Regarding her trip to Efate on 16 September, Admiral Halsey admonished her not to mention the name of the island because the Japanese had never bombed it and the US had some of its biggest hospitals there. He hoped that they did not know we were established there. After her visits to Tongareva Island, Society Islands, Aitutaki, Samoa, New Zealand, Australia, Guadalcanal, Efate and Espiritu Santo, she was back on Christmas Island 19 September 1943, preparing for her journey home.
The men loved her and her concern for the wounded. Admiral Halsey had initially opposed her visit but changed his mind. "I marvelled at her hardihood, both physical and mental," he reported. "She saw patients who were grievously wounded. I marvelled most at their expressions as she leaned over them. It was a sight I will never forget. She alone accomplished more good than any other person who passed through my area."
"The suffering of the men," Eleanor said, "left a mark from which I think I shall never be free." During her five-week goodwill tour of the South Pacific, Eleanor spoke to approximately 400,000 men. Her journey to visit the troops had been an enormous success and now she was going home. Admiral Halsey selected Admiral Harry E. Sears, who was then assigned in the Solomon Islands, to fly Eleanor Roosevelt on the last leg of her flight to and from the South Pacific combat zone. At other times during his career, Admiral Sears was a personal pilot for James V. Forrestal, the first Secretary of Defense, Admiral Harold Stark, the wartime commander of the Pacific fleet, and Admiral Ernest J. King, the wartime Chief of Naval Operations.
Regarding Manawanui's visit to the troops, Skipper Heath Crow stated that his two most famous passengers were Admiral Halsey and Eleanor.
Manawanui had a lot of miles under her keel now and Crow had to replace the engine rather than repair it, due to lack of supplies and parts. He replaced her old original English engine with a newer Cummins American engine. The new engine weighed 2,000lbs less than the old engine. Crow made up the weight in ballast. One of New Caledonia's exports is nickel ore, which is cast in bars. Crow used these convenient size bars and filled up the bilges of Manawanui with $3,500 worth of nickel ore, which put her back in shape for duty.
After Eleanor's visit, Manawanui returned to routine assignments. When not being used by Admiral Halsey, she was assigned to carry secret agents and senior officers to their stations throughout the South Pacific, and at other times she performed anti-submarine patrols. Skipper Heath stated that on extended trips a cook was assigned to Manawanui.
Manawanui more than lived up to her name. During her wartime experiences, she went through two typhoons, one in Noumea in 1944 with 200 mile-an-hour winds that ripped through her rigging. Heath Crow, her skipper, stated that "huge swells playing catch with your hull would be hard for any yachtsman to forget." At war's end, however, she was declared "surplus to requirements".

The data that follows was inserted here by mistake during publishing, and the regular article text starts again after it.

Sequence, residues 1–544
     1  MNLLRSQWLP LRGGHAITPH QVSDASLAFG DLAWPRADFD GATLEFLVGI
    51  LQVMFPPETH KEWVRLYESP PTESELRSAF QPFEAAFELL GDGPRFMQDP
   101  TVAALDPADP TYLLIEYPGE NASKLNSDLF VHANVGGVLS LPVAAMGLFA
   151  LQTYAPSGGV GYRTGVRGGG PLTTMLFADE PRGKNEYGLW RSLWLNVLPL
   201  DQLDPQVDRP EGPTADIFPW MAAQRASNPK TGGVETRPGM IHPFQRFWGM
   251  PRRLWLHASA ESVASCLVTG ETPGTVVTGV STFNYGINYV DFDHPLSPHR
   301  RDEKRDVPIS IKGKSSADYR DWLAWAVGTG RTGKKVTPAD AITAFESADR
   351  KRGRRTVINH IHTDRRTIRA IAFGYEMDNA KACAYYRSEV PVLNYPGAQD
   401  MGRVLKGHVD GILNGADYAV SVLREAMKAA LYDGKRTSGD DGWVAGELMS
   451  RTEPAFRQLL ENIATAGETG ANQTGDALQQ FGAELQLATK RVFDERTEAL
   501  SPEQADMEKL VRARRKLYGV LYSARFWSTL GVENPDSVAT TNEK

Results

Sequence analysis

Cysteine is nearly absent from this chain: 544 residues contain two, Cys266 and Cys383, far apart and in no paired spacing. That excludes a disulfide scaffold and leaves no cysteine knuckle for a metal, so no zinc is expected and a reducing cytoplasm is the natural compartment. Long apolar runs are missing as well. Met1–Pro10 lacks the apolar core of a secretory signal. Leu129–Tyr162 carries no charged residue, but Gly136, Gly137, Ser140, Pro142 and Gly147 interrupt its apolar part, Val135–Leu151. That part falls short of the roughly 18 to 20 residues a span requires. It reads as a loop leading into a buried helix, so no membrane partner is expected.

In 1945 or early in 1946 (we have two reports), she was returned to Berridge Spencer, her original owner. He overhauled her. In the meantime he commissioned Colin Wild to build an even bigger boat, the ketch Windhaven. In 1947, John McCormick went to work at Colin Wild Shipyard at the age of 20 years. He was given an apprentice (Des Hamill) and was told to build Windhaven. This project took two years. While building her, Col (Colin Wild liked to be called Col) had two longer masts built for Manawanui. McCormick says he had to "scarf" around 10ft onto both of them. With Col's ingenuity, the gooseneck clamped around the scarves.
Mr. Spencer sailed Manawanui around Auckland until 1948, at which time he sold her to Jack C. Paine of Paine Motors in Otahuhu: a small rural town, in South Auckland. Her Auckland registration number at that time was D-7 ("D" being the registration letter for two-masted yachts). Jack Paine had her slipped at the Percy Voss Yard for a brief refit.
Later Jack Paine sold Manawanui to a local gentleman by the name of Roland Hodges. In listing the successive owners, every effort has been made to be as accurate and complete as possible. The following names are to the best of our knowledge. Roland Hodges sold to Ray Klein, who in turn, sold to Mr Toogood who took Manawanui through the Panama Canal in 1958. Toogood later sold to Juanita Chalker. Chalker sold to Peter Ullstrom, who owned her for 13 years and was responsible for the major rebuild, which saved her. Finally, Manawanui met her present owners, Robert "Skip" and Caroline Richheimer, in Ft. Lauderdale in May 1996. After a full restoration and refitting in Wickford, Rhode Island, she now claims Monterey as her home port and is run as a charter business.
Her current statistics are:
|Length Overall -
|Length on Waterline -
|13 feet 6 inches
|Sail area -
|1,200 square feet
|250-hp. Cummins diesel
|Fuel Capacity -
|Cruising Speed -
|Cruising Range Under Power -
|Water Capacity -
|400 gallons plus watermaker
Manawanui even has her own email address - Manawanui@hotmail.com.
 In a letter dated November 1997. Peter Spencer, Berridge Spencer's other son, resides in Panmure, New Zealand.
 Manawanui's wheel was a traditional one with spokes about 24 inches in diameter, cast of bronze (not wood). It was mounted on the bulkhead at the forward end of the cockpit.
 Squadron Leader LT Lindsay Campbell of the Royal Australian Air Force provided this information regarding his father Gordon Campbell.